The new 14-story $654-million hospital building at Rush University Medical Center in Chicago, IL, which is referred to as The Tower, stands out on the city’s skyline with a unique butterfly design and striking white exterior – both visual symbols of the medical center’s goal to transform healthcare delivery.
Formable Alucobond® Plus aluminum composite material by 3A Composites USA in the custom Spinnaker Bone White color was selected to realize the hospital’s shining, clean exterior image and its unique butterfly design.
"While our foremost goal was for the new hospital's design to support its function and enhance patient care, we also knew it would be very important to establish a strong visual presence in Chicago's skyline and along the expressway leading to and from the city,” said Mike LaMont, associate vice president, Capital Projects, Rush University Medical Center. “White is a symbol of cleanliness, technology and modernity. It's the color of doctors’ lab coats and, in the past, nurses’ uniforms. The hospital's exterior helps convey these associations, giving all who see it the impression of Rush University Medical Center as a place where they can receive the very best healthcare."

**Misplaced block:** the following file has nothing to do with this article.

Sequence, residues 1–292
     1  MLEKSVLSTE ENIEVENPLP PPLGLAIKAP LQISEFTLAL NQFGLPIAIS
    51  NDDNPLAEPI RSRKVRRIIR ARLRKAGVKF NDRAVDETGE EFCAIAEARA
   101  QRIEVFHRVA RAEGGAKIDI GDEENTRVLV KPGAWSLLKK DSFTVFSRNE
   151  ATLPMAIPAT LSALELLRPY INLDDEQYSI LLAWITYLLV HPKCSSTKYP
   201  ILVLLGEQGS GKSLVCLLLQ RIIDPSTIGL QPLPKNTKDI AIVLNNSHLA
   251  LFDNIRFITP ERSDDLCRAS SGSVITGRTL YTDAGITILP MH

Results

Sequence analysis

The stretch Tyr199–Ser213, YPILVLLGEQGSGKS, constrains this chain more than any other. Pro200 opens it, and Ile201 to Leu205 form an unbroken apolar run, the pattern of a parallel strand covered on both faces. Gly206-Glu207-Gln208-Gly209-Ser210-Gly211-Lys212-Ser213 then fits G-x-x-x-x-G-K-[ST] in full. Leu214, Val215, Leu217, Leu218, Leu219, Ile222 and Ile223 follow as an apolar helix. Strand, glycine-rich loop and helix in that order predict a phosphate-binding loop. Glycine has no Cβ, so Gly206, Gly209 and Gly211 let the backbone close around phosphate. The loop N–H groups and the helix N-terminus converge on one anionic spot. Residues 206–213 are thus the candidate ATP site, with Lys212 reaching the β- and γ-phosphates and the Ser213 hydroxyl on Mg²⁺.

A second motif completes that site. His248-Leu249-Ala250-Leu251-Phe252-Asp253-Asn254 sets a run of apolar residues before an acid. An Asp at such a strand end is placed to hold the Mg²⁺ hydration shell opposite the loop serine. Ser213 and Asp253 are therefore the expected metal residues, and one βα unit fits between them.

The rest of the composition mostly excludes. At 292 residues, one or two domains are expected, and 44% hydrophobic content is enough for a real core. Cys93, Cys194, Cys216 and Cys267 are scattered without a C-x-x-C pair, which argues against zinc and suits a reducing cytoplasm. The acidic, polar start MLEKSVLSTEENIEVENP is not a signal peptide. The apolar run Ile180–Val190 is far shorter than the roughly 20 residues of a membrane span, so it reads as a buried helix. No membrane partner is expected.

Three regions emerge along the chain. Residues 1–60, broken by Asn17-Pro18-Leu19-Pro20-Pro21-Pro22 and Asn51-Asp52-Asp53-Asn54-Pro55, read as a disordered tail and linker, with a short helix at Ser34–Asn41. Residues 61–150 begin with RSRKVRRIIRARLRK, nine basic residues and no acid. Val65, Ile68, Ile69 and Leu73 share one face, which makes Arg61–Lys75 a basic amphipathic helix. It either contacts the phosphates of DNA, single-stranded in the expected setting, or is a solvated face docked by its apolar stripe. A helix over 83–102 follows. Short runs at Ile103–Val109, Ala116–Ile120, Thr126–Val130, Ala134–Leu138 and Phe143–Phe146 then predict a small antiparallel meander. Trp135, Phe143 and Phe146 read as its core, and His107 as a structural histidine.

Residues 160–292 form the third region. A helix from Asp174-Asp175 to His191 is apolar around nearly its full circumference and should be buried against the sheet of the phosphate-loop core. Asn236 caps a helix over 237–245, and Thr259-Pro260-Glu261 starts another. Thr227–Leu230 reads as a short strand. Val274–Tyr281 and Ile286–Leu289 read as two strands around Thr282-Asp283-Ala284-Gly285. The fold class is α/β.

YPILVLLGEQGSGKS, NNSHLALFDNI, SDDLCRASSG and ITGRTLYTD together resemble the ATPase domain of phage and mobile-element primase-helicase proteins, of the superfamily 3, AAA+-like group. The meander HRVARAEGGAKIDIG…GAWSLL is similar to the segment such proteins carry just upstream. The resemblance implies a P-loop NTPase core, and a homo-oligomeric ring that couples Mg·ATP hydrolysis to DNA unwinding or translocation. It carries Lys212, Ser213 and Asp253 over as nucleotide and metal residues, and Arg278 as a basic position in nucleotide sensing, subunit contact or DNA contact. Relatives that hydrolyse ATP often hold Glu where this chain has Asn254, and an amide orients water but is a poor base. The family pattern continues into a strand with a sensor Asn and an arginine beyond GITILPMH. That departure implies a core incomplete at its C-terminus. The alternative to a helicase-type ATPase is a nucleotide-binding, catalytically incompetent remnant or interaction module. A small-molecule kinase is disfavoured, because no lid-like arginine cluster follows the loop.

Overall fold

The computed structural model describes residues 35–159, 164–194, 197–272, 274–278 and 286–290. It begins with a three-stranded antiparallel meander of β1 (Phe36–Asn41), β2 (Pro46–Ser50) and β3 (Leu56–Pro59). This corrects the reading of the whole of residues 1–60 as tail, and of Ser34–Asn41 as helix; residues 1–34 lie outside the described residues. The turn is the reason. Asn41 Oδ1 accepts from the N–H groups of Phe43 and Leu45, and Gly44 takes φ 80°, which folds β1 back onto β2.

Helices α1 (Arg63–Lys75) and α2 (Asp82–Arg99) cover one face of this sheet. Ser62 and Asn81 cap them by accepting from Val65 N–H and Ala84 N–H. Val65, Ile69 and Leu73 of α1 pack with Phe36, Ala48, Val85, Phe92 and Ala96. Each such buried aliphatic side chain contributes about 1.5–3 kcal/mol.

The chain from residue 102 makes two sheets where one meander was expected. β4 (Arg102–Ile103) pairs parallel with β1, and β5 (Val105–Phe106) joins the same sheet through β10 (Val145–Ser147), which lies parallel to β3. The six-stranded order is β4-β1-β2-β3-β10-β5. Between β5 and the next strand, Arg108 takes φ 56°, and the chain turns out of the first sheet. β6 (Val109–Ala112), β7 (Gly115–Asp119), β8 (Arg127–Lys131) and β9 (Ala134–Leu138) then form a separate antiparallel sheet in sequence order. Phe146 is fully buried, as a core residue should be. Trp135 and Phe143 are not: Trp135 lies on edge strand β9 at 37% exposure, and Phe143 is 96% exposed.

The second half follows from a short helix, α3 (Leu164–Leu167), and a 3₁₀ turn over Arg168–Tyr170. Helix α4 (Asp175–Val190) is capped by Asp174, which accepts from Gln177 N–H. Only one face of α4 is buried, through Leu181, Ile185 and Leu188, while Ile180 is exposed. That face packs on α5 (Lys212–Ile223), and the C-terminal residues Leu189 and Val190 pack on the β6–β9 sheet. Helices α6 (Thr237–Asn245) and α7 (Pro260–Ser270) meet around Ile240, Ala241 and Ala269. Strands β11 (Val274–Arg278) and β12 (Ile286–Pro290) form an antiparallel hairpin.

The Tower – which opened in January 2012 – is the major component of Rush’s 10-year $1-billion campus redevelopment project called the Rush Transformation, which includes new construction, renovations of existing buildings and investments in leading technology across the 30.5-acre campus, according to Rush.
“Chicago is home to a very competitive healthcare market,” said John Moorhead, LEED AP BD+C, senior project designer, Perkins+Will Chicago. “Rush wanted to stand out from the competition.”
The 840,000 square-foot LEED-Gold Tower stands out in the market not only by offering state-of-the-art healthcare technology but by the medical center’s overriding goal to re-orient its facilities around patients and their families. To achieve this goal, leaders at Rush University Medical Center enlisted the aid of doctors, nurses, staff and patients – some of whom worked as members of the Office of Transformation – to help architects design the new hospital.
“We described this experience as ‘designing from the inside out,’” said Moorhead. “The Tower is not a shape that we created and then jammed rooms into. It was designed first and foremost to enhance the patient experience.”
A corner lot that was home to campus tennis courts was chosen as the site of the new Tower, which also serves as “a gateway to the campus,” according to Moorhead.
The butterfly design is featured on the hospital’s top five floors – which house 304 individual adult and critical care beds – and was suggested following Rush transformation team input. Patient care is delivered in four building quads with hospital rooms arranged in a triangular shape to “increase the close proximity to patients for nurses,” according to Moorhead.
The Tower’s ground floor houses an advanced emergency response center, which is prepared to treat large-scale health emergencies. The Tower also includes three consecutive floors devoted to an interventional platform in which diagnostic testing services, surgical services, interventional services and recovery areas are located within a short distance of each other.